Your doctor will begin by asking about symptoms and your family history of heart problems. He or she will also do a physical exam to check for signs and symptoms of cardiac amyloidosis.  

Pinning down the diagnosis requires several tests, based on your symptoms. If your doctor suspects cardiac issues, an ultrasound of your heart, or echocardiogram, and an electrocardiogram (ECG) might be required. If these tests suggest cardiac amyloidosis, your doctor will need to determine whether it’s AL or ATTR amyloidosis because treatment for these forms of the disease differs. Initial tests include bloodwork and a urine test. A nuclear scan, cardiac magnetic resonance, or MRI might also be necessary.  

Depending on the results of the initial diagnostic tests, the doctor may perform a biopsy, a procedure involving removal of a small piece of tissue from abdominal fat, the heart, and/or other organs affected by the disease. A pathologist will then examine the biopsied tissue to determine which protein is involved in the disease.  

If the hereditary form of ATTR amyloidosis is suspected, genetic testing (via blood test) may be required to confirm the diagnosis.

How is cardiac amyloidosis treated?

Treatment of cardiac amyloidosis requires a two-pronged approach. Some therapies aim to alleviate cardiac symptoms and complications, while others treat the underlying condition.  

Treatments for the underlying condition. Therapies that treat the underlying amyloid disorder aim to reduce the number of amyloid fibrils, which results in less buildup of amyloids in the heart tissue. The treatment for the two most frequent types of cardiac amyloidosis differ because they are caused by different abnormal proteins.

  • Treatment for ATTR Cardiac Amyloidosis. In this case, the goal of treatment is to stabilize the protein once it is produced to prevent misfolding. These treatments include:
    • Tafamidis. This medication stabilizes the transthyretin protein and keeps it from misfolding, reducing the levels of the amyloid fibrils that build up in the heart.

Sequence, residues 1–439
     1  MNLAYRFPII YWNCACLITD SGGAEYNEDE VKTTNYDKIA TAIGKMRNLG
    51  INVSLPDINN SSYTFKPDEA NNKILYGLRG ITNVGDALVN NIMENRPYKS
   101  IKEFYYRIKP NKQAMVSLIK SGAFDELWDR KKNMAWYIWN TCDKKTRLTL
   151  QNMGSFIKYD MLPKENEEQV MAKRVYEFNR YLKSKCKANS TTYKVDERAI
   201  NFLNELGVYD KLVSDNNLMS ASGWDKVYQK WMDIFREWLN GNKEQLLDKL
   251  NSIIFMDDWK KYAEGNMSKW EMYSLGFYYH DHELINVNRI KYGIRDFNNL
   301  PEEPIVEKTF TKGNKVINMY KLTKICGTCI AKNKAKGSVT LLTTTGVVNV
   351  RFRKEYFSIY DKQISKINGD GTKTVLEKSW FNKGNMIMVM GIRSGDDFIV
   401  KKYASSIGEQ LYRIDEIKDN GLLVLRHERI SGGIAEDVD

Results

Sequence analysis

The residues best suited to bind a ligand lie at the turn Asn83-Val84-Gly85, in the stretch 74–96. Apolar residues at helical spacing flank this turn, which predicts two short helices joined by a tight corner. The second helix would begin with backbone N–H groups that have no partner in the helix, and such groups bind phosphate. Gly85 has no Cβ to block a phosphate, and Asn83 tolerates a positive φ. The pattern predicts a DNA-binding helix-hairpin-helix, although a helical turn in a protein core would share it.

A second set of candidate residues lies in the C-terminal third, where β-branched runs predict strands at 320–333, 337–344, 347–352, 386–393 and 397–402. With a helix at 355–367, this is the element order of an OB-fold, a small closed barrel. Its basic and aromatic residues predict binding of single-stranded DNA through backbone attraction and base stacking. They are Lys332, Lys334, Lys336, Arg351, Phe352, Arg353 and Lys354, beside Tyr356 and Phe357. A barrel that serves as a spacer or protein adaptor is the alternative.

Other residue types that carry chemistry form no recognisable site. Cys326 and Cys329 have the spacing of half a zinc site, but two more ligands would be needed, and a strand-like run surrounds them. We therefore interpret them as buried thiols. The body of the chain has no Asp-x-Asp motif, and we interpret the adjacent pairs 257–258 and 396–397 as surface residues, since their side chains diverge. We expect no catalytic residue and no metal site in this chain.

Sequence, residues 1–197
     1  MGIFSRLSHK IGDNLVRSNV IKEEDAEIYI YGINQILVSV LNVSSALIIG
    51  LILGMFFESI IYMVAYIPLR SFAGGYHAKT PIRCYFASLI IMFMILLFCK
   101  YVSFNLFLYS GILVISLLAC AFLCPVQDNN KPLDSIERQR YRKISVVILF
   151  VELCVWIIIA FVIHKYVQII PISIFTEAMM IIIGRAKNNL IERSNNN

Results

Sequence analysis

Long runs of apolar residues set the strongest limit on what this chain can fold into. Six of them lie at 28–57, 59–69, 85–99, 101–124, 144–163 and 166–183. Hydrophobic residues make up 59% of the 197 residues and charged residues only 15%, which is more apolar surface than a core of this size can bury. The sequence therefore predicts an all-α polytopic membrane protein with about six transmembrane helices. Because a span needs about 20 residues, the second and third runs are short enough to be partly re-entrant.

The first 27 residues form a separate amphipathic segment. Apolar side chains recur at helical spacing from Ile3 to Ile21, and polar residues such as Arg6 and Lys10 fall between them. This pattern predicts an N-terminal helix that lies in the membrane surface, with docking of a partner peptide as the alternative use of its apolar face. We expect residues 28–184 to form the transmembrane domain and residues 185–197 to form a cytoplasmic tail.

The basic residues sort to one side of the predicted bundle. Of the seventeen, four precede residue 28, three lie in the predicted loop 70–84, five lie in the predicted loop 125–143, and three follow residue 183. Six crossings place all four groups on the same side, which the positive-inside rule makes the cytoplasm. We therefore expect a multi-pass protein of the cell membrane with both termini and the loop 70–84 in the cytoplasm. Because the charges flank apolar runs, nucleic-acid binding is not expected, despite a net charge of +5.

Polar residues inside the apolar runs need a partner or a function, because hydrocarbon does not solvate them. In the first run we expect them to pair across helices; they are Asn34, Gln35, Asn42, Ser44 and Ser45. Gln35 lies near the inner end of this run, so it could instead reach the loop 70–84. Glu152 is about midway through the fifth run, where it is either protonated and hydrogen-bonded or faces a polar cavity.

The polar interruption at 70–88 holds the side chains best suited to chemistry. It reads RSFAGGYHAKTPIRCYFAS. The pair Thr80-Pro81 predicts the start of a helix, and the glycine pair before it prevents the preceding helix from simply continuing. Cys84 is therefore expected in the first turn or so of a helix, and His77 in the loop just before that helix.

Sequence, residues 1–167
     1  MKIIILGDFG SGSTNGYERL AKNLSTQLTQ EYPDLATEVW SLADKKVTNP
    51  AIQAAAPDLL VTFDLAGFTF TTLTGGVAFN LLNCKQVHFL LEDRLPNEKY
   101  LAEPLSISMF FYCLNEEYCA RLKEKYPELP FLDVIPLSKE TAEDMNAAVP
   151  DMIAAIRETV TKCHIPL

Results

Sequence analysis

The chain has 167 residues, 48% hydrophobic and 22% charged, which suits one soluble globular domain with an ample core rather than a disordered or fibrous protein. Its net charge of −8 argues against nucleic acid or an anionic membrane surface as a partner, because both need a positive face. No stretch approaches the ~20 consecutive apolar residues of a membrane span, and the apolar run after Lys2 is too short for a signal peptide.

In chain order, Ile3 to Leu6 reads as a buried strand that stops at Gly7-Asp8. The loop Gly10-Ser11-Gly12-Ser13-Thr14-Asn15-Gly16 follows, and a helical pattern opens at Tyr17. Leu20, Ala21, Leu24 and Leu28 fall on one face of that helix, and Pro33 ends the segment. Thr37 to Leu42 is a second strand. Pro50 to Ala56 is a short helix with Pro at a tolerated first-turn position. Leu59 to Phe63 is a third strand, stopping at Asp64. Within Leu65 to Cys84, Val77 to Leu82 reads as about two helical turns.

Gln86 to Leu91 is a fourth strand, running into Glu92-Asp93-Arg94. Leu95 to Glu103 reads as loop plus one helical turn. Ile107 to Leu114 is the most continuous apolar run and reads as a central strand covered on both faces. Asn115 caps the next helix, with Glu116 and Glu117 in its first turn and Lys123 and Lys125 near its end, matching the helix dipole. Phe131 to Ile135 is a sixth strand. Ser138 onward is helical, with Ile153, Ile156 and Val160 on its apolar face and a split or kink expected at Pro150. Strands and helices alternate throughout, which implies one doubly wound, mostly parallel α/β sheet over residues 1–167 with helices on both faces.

• Patisiran and Inotersen. These medications alter the liver’s production of the transthyretin protein, thereby reducing the amount of transthyretin that can misfold and accumulate in organs.
    • Organ transplantation. For people with hereditary ATTR cardiac amyloidosis, cardiac transplantation may be an option. Some patients may also receive a liver transplant in certain situations.
  • Treatment for AL Cardiac Amyloidosis. Treatment for this form of amyloidosis targets the plasma cells. The goal is to reduce or prevent production of abnormal light-chain proteins.
    • Chemotherapy/Stem Cell Transplant. Chemotherapy medications work by reducing the number of plasma cells, which in turn reduces the number of light-chain proteins produced. These medications are often combined with steroids and other drugs. Patients may also be candidates for stem cell transplantation.  

Treatments for cardiac symptoms and complications.

  • Diuretics. Also known as water pills, these medications increase the amount of urine to help remove excess fluid and salt from the body. If someone has substantial swelling in their legs, abdomen, or elsewhere, intravenous diuretics (in a hospital) may be required.
  • Reduce salt intake. A low-salt diet can help keep fluid from building up, thus reducing swelling (edema). Patients should also monitor their weight regularly; rapid weight increases may be a sign of excessive fluid accumulation.
  • Blood thinners. People with cardiac amyloidosis are at increased risk for blood clots, particularly if they have abnormal rhythms like atrial fibrillation. They may be treated with blood thinners, or anticoagulants, a type of medication that reduces blood clot formation.
  • Heart transplantation. Some patients with cardiac amyloidosis may require heart transplantation.

What is the outlook for people with cardiac amyloidosis?

The life expectancy and degree of heart impairment depends on the type of amyloidosis. Because AL cardiac amyloidosis has a more serious impact on the body, early diagnosis and treatment are important and are associated with better outcomes. For those with ATTR cardiac amyloidosis, drugs that reduce the level of the proteins responsible for the condition have recently been developed and have helped people with the disease live longer, healthier lives.

What is unique about Yale Medicine's approach to cardiac amyloidosis?

Yale Medicine offers expert care for cardiac amyloidosis and other heart muscle diseases. Doctors from the Yale Infiltrative Cardiomyopathy Program work alongside other subspecialties like hematology/oncology, neurology, electrophysiology, and heart failure to provide early diagnosis and treatment.  

“At Yale, our cardiac amyloidosis team involves multidisciplinary practitioners committed to providing access to care for all of our patients,” says Dr. Miller. “With our pharmacy team, social services support staff, and specialized medical professionals, we are committed to personalizing the treatment plans for all of our patients with cardiac amyloidosis."